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How SU can prevent a Delta variant outbreak

Updated: Sep 18, 2021

COVID-19 cases are rising again. In early August, there were over 300 people in Maryland hospitalized with the disease, per The Washington Post. June and July figures were often below 100.

Salisbury University thrived during the height of the pandemic. Positivity rates remained below 2% throughout the 2020-21 academic year, as previously reported by The Flyer.

However, the more contagious and deadly Delta variant now accounts for more than 90% of COVID-19 cases in the US, per Healthline.

In order to prevent an outbreak of this variant at SU, two crucial defenses must be maintained.

First, everyone who can get vaccinated should get vaccinated. So far, the vaccination rate of SU’s community members has risen above 90%, according to SU Student Affairs.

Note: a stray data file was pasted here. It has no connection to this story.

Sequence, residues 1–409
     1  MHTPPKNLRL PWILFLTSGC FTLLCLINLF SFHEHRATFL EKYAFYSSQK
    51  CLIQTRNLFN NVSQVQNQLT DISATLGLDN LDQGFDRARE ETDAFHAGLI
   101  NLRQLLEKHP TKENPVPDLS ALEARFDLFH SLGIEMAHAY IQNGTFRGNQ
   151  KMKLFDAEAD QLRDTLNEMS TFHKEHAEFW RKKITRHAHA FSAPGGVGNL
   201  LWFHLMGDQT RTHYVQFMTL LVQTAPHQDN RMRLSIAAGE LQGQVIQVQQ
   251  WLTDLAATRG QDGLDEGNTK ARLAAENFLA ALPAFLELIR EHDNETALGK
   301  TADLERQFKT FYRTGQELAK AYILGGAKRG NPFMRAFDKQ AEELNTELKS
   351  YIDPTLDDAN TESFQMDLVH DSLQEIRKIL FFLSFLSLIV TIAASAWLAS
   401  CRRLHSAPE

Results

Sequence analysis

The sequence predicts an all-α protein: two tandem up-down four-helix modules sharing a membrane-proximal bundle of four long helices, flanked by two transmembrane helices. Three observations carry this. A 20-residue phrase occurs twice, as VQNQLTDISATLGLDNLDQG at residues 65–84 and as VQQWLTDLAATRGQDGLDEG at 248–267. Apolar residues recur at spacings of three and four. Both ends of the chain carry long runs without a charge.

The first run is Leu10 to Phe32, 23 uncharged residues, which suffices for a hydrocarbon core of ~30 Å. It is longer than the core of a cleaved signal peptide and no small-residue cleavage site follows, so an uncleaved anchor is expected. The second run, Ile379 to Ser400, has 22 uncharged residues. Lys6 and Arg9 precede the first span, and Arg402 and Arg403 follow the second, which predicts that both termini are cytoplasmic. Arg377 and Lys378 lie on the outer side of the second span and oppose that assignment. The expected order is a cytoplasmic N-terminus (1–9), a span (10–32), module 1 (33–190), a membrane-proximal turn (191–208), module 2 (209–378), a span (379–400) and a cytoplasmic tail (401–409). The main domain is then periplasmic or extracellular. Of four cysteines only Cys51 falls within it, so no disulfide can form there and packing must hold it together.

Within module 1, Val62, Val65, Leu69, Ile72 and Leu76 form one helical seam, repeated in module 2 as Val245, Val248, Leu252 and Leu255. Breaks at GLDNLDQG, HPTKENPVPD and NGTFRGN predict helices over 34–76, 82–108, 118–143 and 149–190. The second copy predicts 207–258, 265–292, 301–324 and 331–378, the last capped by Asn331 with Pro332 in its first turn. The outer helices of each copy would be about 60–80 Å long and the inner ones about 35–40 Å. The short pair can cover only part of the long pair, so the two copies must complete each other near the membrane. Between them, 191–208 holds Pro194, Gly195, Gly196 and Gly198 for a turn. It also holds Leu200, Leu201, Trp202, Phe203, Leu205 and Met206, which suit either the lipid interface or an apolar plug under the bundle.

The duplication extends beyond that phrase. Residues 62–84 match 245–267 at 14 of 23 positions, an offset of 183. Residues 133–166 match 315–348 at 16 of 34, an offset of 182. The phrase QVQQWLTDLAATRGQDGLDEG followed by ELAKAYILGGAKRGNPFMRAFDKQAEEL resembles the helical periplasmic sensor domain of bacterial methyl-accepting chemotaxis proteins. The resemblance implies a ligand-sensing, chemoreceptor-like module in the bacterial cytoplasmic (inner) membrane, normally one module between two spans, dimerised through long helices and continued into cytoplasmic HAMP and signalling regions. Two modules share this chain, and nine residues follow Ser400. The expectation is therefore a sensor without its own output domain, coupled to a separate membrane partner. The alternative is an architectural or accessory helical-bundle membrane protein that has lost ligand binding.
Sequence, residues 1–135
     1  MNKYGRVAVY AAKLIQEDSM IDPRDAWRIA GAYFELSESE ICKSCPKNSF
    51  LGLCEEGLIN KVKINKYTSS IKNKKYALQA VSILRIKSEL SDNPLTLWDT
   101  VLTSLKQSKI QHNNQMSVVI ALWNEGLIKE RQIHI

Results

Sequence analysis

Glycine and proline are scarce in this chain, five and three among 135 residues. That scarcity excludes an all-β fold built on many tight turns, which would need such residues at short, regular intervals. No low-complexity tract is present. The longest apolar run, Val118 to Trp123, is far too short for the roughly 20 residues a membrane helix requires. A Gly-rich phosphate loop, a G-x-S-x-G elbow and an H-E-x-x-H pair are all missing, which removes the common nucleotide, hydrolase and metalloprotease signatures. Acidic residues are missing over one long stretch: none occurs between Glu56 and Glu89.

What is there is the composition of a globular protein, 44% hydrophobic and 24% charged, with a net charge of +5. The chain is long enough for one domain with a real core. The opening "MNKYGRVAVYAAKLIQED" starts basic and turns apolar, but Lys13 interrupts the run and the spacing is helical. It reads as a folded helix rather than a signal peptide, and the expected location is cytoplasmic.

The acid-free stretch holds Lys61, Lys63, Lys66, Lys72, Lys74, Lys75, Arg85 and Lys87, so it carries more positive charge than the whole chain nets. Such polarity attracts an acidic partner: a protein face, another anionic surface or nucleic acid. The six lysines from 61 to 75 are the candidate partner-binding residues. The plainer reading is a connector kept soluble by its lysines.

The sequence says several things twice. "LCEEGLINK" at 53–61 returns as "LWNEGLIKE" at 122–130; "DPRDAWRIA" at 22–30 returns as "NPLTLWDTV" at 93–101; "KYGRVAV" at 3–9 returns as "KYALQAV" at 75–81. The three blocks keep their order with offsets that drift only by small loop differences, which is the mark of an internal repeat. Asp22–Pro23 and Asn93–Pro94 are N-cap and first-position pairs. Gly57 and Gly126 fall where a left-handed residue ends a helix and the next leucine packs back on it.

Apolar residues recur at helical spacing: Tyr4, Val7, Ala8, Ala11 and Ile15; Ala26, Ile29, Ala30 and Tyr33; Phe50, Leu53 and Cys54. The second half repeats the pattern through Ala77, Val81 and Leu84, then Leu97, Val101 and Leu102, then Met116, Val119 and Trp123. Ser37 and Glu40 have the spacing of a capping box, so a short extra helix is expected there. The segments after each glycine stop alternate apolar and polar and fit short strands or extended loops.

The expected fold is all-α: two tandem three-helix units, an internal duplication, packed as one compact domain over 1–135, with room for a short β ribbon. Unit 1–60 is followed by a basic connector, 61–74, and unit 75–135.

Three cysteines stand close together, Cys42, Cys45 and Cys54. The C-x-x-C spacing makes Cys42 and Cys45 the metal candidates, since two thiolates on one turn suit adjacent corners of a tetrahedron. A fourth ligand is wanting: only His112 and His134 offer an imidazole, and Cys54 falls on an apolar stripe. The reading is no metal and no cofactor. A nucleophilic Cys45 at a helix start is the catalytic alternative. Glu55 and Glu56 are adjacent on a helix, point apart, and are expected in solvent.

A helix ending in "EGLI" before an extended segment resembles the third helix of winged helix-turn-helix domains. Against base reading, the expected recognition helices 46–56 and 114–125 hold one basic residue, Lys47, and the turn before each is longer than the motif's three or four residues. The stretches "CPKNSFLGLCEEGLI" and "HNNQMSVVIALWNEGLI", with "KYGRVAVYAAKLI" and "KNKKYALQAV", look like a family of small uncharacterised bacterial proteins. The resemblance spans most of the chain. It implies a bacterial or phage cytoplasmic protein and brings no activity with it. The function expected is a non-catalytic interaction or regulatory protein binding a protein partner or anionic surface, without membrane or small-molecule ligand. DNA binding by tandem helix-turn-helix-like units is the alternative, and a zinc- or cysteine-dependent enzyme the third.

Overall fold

The higher the inoculation rate, the higher the defense against a community outbreak of the Delta variant.

The Pfizer vaccine is still over 90% effective at preventing severe disease from the variant, per Consumer News and Business Channel News.

Second, everyone should continue to wear their masks and social distance in designated areas on campus. This is important for those who have a registered exemption from becoming vaccinated in order to protect themselves and others.

The Delta variant has shown that not all masks are created equal.

The N95 respirator mask was found to filter at least 95% of airborne particulates. Experts recommend the mask to those vulnerable to COVID-19, per The Washington Post.

Those who currently rely on cloth and surgical masks should consider upgrading to the N95.

Delta’s arrival to the United States is no reason to panic. This is an opportunity for the SU community to continue fostering a safe and thriving campus environment during COVID-19.



Editorial editor

Photo courtesy of Salisbury University Public Relations

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